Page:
FORT MILL — Springfield Middle School seventh-grader Vince Catan won the Piedmont Region III Science Fair (Middle Level) with his experiment on football-helmet safety.
The competition involved students in grades one through 12 who represented public, private and home schools in Cherokee, Chester, Lancaster, Spartanburg, Union and York counties.
Vince’s project is nominated to compete in the Broadcom MASTERS – Math, Applied Science, Technology, and Engineering for Rising Stars – in Washington, D.C.
Vince wisely took his science teacher’s advice to conduct his project on a topic that interested him.
“When choosing a topic, we encourage them to choose something they like and are passionate about,” said Gail Vawter, Springfield Middle school science teacher. “We tell them to think of a problem they have experienced with that topic and to come up with a way to test it.
“Problem-based learning is a great way to teach the scientific method in action.”
“There were a lot of kids with concussions on the football team this season, so I thought I could do something with helmets,” said Vince, who plays linebacker and tight end on the Springfield football team.
His brother Nick suggested the project’s title, “Here Comes the Boom,” which is the song they listen to before a football game “to get pumped up.”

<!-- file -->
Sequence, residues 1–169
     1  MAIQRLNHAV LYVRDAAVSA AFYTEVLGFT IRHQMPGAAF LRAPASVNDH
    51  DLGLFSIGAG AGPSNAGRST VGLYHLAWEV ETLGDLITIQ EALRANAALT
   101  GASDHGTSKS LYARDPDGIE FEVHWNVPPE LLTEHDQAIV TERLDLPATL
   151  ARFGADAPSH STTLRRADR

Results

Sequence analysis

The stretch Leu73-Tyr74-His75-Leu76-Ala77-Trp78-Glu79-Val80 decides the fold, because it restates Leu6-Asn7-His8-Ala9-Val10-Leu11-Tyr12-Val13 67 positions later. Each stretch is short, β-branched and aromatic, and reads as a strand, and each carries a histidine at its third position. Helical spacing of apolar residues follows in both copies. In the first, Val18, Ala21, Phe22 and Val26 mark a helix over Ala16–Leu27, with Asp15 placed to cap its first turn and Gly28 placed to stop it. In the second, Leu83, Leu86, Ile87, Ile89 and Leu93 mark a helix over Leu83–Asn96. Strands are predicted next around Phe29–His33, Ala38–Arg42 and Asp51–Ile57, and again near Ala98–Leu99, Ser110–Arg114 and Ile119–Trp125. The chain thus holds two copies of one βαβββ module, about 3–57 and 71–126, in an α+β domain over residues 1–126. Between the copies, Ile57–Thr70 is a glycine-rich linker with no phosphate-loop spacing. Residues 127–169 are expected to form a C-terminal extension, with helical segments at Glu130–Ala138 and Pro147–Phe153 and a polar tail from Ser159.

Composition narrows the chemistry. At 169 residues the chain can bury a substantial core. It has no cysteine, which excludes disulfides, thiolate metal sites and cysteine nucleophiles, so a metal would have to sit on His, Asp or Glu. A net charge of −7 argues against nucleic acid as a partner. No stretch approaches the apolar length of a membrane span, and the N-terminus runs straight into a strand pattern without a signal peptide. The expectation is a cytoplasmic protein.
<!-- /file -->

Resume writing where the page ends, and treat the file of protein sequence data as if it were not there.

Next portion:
Vince decided to test his school-issued helmet against a more specialized concussion-prevention helmet, the Riddell Speed helmet. The idea was not hard to come up with, but experiment intricacies were difficult, he said.
“I thought I would just drop the helmet, but then I didn’t know how to measure everything,” Vince said.
Questions on what material to use to represent the brain, how to create an impact and other issues made Vince think he might have to abandon the idea and come up with a new topic.
Vawter encouraged him to keep trying, and Vince eventually came up with the winning experiment. He used a Styrofoam mannequin head with a hollowed out space for the brain, then placed a plastic container of soft gel beads in the hollow space to simulate the brain. The two helmets were placed on the head and hung from his garage ceiling with rope.
Then Vince created a football player to crash into the helmet.
“I took two 2-by-4s and screwed them together and tied two 25-pound weights to it. Then I put my shoulder pads on it and hung it from the beams in the garage with an eye hook,” said Vince.
He then pulled the “player” back to a specific height and swung it into the helmet.
Two impacts were noted: The first impact was the player into the helmet; the second was the helmet into the garage wall, which represented the ground.
After 20 trial collisions, Vince’s results showed that three times as many gel beads broke inside the general school helmet as in the concussion-prevention helmet.
Based on his research, Vince said, he now hopes to create a safer environment with new helmets for his team, either through the school’s athletic booster club or by soliciting Riddell for helmet donations.
Karin Janick is a freelance writer. Have a story idea for Karin? Email her at email@example.com.